Computer programmer Richard Stallman invented a famous “hack” around copyright law when he created the General Public License, which enables a community of hackers to create their own commons of software code. Copyright law is used as a vehicle to serve the commons.
It sounds improbable, but could something similar be done with the procedures of the World Trade Organization? Could a treaty apparatus designed to serve multinational corporations be exploited in a new way so that it does not just promote free trade in private goods and services, but enables countries to collaborate to create public goods?
That is precisely what James Love, director of Knowledge Ecology International, recently proposed at the World Forum on Science and Democracy, held in BelÃ©m, Brasil, an event that is affiliated with the World Social Forum. Love is the hard-driving and sophisticated Washington-based activist who has done so much to fight strict drug industry patents and lower the cost of drugs for developing countries.
Love’s brilliant idea is to re-purpose the portion of the WTO agreement that deals with the market for services, and try to use it as a procedural platform that would let different nations cooperate in the creation of such public goods as open source software, shared scientific research on drugs and global warming solutions, the translation of works into other languages, and much more.
Here is how Love explained the proposal at the World Forum on Science and Democracy on January 26, 2009:
The world is confronted with a vast under-supply of public goods. Part of the problem is that the current trade system lacks the sufficient incentives and structures to address the free riding problems associated with the supply of public goods. There are increasing calls for a larger supply of public goods and a variety of proposals that involve government commitments to increase the supply of global public goods in specific areas, including but not limited to major projects such as the Kyoto Protocol to the International Framework Convention on Climate Change, the International Treaty on Plant Genetic Resources, the proposed WIPO Treaty on Access to Knowledge, and the proposed WHO Biomedical R&D Treaty.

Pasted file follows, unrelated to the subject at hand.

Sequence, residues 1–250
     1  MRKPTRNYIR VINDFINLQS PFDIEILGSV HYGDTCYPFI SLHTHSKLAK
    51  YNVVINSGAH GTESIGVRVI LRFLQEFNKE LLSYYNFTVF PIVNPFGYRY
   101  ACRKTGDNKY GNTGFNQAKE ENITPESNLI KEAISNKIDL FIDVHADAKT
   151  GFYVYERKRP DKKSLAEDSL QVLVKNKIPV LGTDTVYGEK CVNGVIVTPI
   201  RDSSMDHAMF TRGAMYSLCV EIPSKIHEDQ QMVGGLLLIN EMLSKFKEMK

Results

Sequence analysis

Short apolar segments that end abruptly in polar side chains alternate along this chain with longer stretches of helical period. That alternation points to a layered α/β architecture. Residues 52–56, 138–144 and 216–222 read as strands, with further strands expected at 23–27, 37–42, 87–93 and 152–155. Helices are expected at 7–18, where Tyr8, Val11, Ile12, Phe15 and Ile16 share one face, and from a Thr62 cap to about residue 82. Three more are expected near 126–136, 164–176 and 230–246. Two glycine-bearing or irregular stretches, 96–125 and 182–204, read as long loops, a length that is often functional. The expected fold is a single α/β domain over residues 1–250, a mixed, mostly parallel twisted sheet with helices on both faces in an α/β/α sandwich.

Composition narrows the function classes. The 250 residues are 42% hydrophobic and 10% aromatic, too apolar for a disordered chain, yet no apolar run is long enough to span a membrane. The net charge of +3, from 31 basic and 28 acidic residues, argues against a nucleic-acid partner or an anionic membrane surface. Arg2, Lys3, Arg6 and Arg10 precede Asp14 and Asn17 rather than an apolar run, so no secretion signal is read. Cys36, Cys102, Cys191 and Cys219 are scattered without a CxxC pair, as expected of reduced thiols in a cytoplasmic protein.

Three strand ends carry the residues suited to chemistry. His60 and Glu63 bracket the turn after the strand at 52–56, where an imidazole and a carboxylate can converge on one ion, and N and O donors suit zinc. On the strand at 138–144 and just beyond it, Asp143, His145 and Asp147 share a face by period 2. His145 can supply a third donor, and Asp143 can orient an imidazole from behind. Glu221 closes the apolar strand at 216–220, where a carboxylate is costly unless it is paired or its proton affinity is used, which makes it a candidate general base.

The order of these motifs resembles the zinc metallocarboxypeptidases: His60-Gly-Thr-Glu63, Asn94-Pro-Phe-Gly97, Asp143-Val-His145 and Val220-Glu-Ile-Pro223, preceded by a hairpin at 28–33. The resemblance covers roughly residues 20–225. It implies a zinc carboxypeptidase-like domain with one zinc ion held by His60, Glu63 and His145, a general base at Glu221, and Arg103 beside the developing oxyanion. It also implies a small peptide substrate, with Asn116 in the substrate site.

Our goal is to create a new option that will allow governments to make binding offers and commitments for the supply of heterogeneous global public goods, involving in particular knowledge goods.
One of the objectives is to shift from the current WTO focus on trade liberation for private goods and the private enclosure of knowledge through mandatory standards for intellectual property and its enforcement (an area some believe has been over emphasized), to a more balanced agenda that also includes public goods and attention to pressing social needs.
One proposal is to model such an agreement in part on the WTO agreement on services — the General Agreement on Trade in Services (GATS). The GATS in the WTO is designed to privatize and liberalize trade in service, in part though a system of binding “offers.” These offers are not uniform among countries. Offers by one country depend upon their specific willingness to liberalize a specific sector, and the interest of other countries that they do so. Liberalization commitments are traded in a WTO environment where “asks” and “offers” cover a wide range to topics, including changes in tariffs or agricultural subsides, or requests for support of new intellectual property norms. What is key to the services agreement is its ability to accommodate a diverse set of offers, in a multilateral negotiation, where consensus on uniform norms is unlikely.